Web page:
Northeastern Hospital in Philadelphia is shutting down its emergency services, and ambulances will have to take patients to hospitals several miles away. (Photo: Flickr/Fetchy)
Philadelphians who relied on Northeastern Hospital for emergency care will soon be detoured to other hospitals. WHYY’s health and science reporter Kerry Grens reports on whether the extra distance makes a health difference. (Photo: Flickr/Fetchy)[audio:sci20080326er.mp3]
Patients in northeast Philadelphia will need to travel several more miles to reach an emergency room after the hospital shuts down its ER June 30th. University of Pennsylvania emergency medicine professor Brendan Carr says for the most part, that additional travel time to other hospitals in the city should not endanger patients needing immediate medical care. The bigger problem, Carr says, is choosing the right hospital.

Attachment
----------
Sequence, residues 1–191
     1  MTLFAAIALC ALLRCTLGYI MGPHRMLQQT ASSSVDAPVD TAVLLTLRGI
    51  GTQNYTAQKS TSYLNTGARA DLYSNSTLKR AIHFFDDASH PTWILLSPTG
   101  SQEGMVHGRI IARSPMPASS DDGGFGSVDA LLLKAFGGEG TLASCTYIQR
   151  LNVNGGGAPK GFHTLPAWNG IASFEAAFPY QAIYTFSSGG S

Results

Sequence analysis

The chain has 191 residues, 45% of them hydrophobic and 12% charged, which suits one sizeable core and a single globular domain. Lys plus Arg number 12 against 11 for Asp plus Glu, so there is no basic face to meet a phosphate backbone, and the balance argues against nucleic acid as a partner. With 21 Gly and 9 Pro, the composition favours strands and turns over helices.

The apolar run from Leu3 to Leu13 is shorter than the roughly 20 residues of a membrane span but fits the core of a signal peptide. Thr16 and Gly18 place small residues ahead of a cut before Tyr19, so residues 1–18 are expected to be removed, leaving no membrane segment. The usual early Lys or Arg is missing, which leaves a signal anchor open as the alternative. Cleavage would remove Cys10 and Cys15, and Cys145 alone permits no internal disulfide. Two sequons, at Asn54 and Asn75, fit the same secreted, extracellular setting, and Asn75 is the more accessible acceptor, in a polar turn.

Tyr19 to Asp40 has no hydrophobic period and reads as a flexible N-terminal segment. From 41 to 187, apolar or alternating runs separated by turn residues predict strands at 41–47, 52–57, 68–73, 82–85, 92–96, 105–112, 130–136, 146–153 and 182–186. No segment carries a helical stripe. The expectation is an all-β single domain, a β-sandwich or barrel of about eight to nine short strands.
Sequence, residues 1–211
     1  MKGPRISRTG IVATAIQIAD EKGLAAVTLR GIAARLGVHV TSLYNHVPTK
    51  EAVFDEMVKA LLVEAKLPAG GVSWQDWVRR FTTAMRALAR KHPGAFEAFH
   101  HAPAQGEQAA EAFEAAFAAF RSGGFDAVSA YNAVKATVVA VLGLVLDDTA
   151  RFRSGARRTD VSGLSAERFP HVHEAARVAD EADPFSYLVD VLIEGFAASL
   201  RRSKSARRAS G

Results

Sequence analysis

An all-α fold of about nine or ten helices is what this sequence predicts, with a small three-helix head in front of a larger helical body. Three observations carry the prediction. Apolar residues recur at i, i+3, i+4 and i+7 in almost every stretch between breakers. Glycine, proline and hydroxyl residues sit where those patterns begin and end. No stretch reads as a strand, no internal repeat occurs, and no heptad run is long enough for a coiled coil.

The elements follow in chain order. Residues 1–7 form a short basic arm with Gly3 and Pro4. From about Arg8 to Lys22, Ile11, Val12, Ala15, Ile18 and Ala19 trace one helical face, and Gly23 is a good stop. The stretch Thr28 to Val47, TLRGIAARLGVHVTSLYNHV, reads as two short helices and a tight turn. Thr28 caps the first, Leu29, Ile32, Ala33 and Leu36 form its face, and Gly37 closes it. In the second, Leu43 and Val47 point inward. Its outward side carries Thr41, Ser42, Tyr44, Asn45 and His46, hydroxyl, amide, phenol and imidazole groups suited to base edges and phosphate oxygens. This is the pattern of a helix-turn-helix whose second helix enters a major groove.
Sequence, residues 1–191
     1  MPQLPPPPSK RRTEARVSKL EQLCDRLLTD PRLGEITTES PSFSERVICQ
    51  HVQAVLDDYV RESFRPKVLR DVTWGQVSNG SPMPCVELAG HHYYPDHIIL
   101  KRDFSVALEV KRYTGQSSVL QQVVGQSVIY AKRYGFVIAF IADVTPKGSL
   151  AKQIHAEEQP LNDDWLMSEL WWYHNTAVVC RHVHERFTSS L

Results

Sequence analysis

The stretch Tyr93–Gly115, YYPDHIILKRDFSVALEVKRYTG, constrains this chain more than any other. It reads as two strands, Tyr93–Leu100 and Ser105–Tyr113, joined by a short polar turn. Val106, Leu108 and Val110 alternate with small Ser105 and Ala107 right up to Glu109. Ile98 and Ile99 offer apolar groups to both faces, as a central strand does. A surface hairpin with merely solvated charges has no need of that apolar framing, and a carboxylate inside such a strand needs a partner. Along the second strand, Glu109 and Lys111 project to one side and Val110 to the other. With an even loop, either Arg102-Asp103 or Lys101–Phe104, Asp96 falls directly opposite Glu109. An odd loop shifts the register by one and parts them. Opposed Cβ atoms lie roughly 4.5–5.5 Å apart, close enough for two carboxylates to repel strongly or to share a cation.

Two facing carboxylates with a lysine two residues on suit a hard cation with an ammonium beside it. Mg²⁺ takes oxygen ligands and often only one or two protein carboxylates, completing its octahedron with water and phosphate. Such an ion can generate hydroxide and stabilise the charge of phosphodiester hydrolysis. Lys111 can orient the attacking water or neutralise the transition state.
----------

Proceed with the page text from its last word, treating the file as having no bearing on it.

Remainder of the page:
Carr: There is a small subset of diseases that are time critical, and that you need an intervention rapidly, and not all facilities can offer those interventions.
Carr says choosing the most appropriate hospital for patients in those situations is something that the healthcare system has not yet figured out. He added that most people don’t worry so much about how far away other hospitals are, but whether they trust those new hospitals and feel at home in their care.